Friday, December 10, 2004

by Thom and Joani Schultz © 1993
Pub. Group, 237 pages.

Why Nobody Learns much of anything in church

This book is an excellent first step in the transformation of a church's teaching efforts. The principles are sound, the motivational and explanatory stories are effective, and the interactive 'Do It' sections accompanying each chapter help the reader begin the process. Further work is needed, though, especially in applying the ideas to adult curriculum, for while adult learning is mentioned, nearly all the examples are from children's ministry.

Introduction. The lost art of learning at church: The church continues to use outdated, ineffective teaching methods like lecture, rote memorization, and text-book based teaching.
Know the goal. Teaching in the church needs a clearly defined goal toward which all teaching efforts are aim. This goal focuses on output rather than inputs or management.
Focus on learning rather than on teaching. Despite the fact that church goers rarely remember the sermon or Sunday school lesson once they leave the room, churches continue to neglect effectiveness assessment. We must start where the learners are, and then help them discover truth and provide opportunities to practice that learning. Finally, we must devise meaningful ways to verify learning.

Concentrate on the essentials. Rather than assuming people know the basics, we must start with and emphasize the basics, focusing each lesson on one major point. Understanding is important, coverage is not. Finally, teachers must clarify what is important to know, rather than assuming the students know what is important.

Emphasize understanding over rote memorization. Rote memorization is designed for ease of assessment rather than for understanding. When students simply memorize rather than understand the knowledge simply does not remain. Students must be led through the process of theologically thinking through knowledge and the connection to life.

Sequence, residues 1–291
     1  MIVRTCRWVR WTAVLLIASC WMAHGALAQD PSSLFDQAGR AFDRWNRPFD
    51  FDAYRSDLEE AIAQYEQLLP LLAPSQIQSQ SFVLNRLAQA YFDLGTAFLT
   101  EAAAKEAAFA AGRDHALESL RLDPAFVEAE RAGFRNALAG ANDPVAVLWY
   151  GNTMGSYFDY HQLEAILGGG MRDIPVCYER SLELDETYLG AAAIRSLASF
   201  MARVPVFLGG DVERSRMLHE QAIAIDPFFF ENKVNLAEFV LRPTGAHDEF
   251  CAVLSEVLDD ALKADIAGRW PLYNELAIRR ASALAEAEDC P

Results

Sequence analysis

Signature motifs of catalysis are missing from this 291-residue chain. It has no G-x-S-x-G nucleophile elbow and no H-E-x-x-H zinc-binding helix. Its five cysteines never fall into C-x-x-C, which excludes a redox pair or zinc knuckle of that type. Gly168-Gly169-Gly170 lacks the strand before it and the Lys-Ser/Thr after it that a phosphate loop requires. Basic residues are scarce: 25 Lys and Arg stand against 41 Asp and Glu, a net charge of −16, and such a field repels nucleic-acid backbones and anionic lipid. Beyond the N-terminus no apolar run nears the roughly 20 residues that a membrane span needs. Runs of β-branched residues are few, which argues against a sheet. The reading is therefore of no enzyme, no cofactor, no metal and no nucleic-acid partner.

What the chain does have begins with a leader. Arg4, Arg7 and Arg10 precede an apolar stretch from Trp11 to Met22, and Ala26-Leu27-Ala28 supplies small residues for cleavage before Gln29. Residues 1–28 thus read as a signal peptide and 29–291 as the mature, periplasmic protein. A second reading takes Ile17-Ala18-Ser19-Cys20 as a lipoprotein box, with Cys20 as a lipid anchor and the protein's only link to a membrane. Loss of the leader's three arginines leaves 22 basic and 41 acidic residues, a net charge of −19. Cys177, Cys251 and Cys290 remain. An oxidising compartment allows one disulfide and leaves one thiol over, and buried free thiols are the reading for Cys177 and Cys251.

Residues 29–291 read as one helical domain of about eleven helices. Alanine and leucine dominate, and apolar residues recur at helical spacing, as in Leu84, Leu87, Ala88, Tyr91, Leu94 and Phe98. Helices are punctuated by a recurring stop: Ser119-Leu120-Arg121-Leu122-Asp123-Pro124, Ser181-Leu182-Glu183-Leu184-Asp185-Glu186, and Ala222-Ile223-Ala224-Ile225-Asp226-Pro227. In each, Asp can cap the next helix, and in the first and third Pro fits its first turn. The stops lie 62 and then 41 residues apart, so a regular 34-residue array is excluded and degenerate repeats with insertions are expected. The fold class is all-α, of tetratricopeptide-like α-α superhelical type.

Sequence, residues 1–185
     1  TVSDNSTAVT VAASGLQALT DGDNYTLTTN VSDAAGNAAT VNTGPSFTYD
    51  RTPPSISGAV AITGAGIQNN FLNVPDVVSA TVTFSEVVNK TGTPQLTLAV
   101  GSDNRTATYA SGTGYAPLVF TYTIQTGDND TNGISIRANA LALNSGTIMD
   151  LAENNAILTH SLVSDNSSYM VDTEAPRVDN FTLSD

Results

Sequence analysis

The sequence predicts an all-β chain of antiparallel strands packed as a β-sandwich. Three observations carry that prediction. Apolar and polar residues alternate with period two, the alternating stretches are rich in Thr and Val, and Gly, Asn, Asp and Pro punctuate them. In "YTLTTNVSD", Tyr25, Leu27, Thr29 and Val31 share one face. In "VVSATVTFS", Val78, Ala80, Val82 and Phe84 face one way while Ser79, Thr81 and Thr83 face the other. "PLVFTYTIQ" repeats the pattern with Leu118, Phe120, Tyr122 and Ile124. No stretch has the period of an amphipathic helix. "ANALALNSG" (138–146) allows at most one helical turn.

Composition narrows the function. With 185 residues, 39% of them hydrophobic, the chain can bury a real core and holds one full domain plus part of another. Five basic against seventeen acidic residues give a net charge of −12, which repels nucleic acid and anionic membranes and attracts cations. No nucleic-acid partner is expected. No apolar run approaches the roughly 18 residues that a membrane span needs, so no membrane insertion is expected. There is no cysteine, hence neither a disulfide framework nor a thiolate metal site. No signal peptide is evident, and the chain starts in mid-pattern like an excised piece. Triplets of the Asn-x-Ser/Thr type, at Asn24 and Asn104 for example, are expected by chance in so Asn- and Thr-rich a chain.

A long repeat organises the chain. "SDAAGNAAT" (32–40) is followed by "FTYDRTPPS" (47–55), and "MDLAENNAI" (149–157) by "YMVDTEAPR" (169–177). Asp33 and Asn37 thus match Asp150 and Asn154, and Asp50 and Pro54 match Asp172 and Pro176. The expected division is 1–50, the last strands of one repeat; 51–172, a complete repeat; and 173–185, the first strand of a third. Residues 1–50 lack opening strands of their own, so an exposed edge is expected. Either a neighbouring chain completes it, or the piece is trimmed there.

Make people think. Learning follows thinking, and people need to learn how to think, not learn what to think. An effective way to encourage thinking is to ask questions. There are five principles to asking questions: ask open-ended question and follow-up questions, wait for students to answer, do not evaluate discussion responses, and encourage student questions.
Use active learning. Active learning takes place when students engage in real or simulated experiences, and then debrief after the experience. The debrief provides opportunity for reflection, interpretation, and application.

Use interactive learning. In interactive learning the students begin to see one another as resources and helps rather than as competitors. It builds learning communities that continue outside the classroom. Some techniques include pair-share, reading buddies, learning groups, summary partners, and jigsaw.

Use a curriculum that produces authentic learning. Teachers are, of course, crucial to learning, but teachers must be supplied with effective curriculum that follows the principles in this book.
Renovate the sermon. If Madison Avenue were to preach sermons they would follow three rules: know your people, involve your people, and use visuals.

Welcome change. For change to occur, we must recognize where we are, realize the urgency of the need for change, understand the process of change, why people resist change, and have the courage to start.


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